• Parallel and Distributed Execution. ACE will rely on the operating system kernel to run and manage processes. Operating system kernels have been optimized for this task, and ACE will benefit in terms of better performance and a smaller code base. Moreover, ACE will be embarrassingly parallel: the Linux kernel generally scales to millions of processes that can be run in parallel, and we will design ACE such that any number of processes can be executed across multiple distinct machines. Therefore, ACE will scale to realistically-sized anonymous communication networks containing millions of virtual hosts, and can be deployed on whatever existing infrastructure is available at community members' institutions.

As part of the ACE framework, we will also develop a user interface to control and monitor the experimental process, a toolkit to help users set up and configure experiments (including network, mobility, and traffic characteristics and models) and to visualize results, and a data repository where researchers can share and archive experimental results.

Project Goals/Activities

Here we outline some high level tasks that we are completing or plan to complete under this project. We are using Github for project development, including for tracking progress on major milestones and development tasks. We provide an outline of our agenda here, and link to the appropriate Github page where appropriate. Tasks without corresponding Github links means we don't yet have progress to share at this time.

  • Task 0: Investigate Architectural Improvements

    • Build prototype of a process-based simulation architecture - milestone
    • Evaluate and compare against a plugin-based simulation architecture
    • Decide which architecture is right for ACE
  • Task 1: Develop Core ACE System

    • Improve test coverage and infrastructure - shadow milestone, shadow-plugin-tor milestone
    • Enable new code to be written in Rust - milestone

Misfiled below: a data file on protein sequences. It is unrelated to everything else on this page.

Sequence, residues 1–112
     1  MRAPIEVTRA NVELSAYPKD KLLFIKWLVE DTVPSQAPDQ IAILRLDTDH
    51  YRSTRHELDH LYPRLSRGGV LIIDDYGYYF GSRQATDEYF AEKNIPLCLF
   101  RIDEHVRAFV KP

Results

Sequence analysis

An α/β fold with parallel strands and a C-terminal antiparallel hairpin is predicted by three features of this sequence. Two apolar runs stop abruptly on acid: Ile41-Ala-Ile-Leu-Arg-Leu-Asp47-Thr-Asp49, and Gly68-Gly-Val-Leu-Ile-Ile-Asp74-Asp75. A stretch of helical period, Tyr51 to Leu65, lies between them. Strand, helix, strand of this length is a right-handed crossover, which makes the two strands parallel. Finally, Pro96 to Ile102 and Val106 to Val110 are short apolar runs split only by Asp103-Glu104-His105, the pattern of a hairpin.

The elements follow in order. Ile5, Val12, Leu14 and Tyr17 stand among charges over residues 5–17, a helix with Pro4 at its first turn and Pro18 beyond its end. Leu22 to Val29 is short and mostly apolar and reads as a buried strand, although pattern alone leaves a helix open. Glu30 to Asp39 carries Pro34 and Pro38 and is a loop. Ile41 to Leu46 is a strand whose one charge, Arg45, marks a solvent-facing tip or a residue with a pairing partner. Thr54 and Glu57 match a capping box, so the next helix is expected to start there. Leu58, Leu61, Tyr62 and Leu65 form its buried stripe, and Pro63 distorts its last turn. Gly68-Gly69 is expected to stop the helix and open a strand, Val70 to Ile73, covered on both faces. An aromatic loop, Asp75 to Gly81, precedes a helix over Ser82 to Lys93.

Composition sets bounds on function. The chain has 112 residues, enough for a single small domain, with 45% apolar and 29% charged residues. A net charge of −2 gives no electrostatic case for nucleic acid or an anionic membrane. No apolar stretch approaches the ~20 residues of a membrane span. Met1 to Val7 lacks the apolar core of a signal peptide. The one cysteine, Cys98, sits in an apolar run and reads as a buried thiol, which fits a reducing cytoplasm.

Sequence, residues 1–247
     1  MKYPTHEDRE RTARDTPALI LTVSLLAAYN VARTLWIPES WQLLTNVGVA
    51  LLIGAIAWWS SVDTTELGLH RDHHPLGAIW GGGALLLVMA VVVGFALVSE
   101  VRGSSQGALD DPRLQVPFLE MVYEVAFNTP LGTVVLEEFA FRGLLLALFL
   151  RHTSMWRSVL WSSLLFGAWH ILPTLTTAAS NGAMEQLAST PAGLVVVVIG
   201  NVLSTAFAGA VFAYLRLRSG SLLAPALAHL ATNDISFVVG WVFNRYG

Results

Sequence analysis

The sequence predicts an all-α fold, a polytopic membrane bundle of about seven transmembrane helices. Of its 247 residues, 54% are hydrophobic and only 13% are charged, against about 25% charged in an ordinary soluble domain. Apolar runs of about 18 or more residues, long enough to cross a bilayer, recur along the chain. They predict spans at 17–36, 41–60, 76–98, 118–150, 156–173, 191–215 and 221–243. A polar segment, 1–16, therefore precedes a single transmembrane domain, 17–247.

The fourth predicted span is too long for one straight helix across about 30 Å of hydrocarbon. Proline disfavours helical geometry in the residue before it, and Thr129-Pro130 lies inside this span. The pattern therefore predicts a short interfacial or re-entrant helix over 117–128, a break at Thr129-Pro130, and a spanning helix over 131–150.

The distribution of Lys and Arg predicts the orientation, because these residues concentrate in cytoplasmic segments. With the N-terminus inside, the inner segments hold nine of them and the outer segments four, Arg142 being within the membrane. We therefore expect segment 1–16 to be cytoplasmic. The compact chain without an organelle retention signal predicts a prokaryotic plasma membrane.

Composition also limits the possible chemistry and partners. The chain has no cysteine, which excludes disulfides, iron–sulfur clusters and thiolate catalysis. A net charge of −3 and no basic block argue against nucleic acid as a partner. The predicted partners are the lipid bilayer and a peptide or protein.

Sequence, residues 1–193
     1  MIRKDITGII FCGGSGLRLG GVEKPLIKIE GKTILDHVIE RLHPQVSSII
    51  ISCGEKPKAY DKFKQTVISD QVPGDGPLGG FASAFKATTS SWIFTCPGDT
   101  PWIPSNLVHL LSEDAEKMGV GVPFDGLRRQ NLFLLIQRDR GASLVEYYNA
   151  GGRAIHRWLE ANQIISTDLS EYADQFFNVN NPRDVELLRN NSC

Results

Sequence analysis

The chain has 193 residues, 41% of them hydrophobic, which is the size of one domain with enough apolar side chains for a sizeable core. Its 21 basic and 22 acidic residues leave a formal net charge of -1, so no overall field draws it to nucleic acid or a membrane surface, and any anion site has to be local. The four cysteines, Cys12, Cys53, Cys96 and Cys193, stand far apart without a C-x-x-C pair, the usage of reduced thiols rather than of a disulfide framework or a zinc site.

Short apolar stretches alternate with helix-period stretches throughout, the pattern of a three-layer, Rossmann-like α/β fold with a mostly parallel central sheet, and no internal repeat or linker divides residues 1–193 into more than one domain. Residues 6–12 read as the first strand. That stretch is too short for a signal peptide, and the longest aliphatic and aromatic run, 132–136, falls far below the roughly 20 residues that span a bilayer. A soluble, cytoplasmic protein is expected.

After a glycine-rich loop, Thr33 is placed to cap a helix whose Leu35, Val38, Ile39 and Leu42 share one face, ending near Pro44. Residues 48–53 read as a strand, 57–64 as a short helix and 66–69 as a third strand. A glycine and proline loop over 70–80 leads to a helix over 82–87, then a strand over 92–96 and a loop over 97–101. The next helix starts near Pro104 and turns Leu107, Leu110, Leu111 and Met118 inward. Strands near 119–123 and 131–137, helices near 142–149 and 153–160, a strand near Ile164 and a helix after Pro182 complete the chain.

• Improve consistency of simulation options and configuration
    • Improve maintainability and accuracy of TCP implementation - milestone
    • Simplify event scheduler, implement continuous event execution model
    • Build a distributed core simulation engine
    • Develop CPU usage model to ensure virtual process CPU utilization consumes simulation time
  • Task 2: Develop User Interface and Visualizations

    • Design control protocol and API for interacting with Shadow
    • Specify/document protocol
    • Develop user interface that uses the control API
    • Improve tools for analyzing and understanding simulation results
  • Task 3: Develop Simulation Models for ACE

    • Improve tools for generating and configuring private Tor networks
    • Improve tools for generating and configuring background traffic models
    • Improve tools for modeling Internet paths and latency
    • Develop support for mobile hosts
    • Create realistic host mobility models
  • Task 4: Engage Community

    • Create data repository where users can share configs and results
    • Create user outreach material and surveys to collect feedback
    • Improve user documentation and usage instructions

Over all tasks, we plan to significantly improve documentation, test coverage, and code maintainability.


  • Rob Jansen - Project Leader, Principal Investigator, U.S. Naval Research Laboratory
  • Roger Dingledine - Principal Investigator, The Tor Project
  • Micah Sherr - Principal Investigator, Georgetown University
  • Jim Newsome - Developer, The Tor Project
  • Steven Engler - Developer, Georgetown University / The Tor Project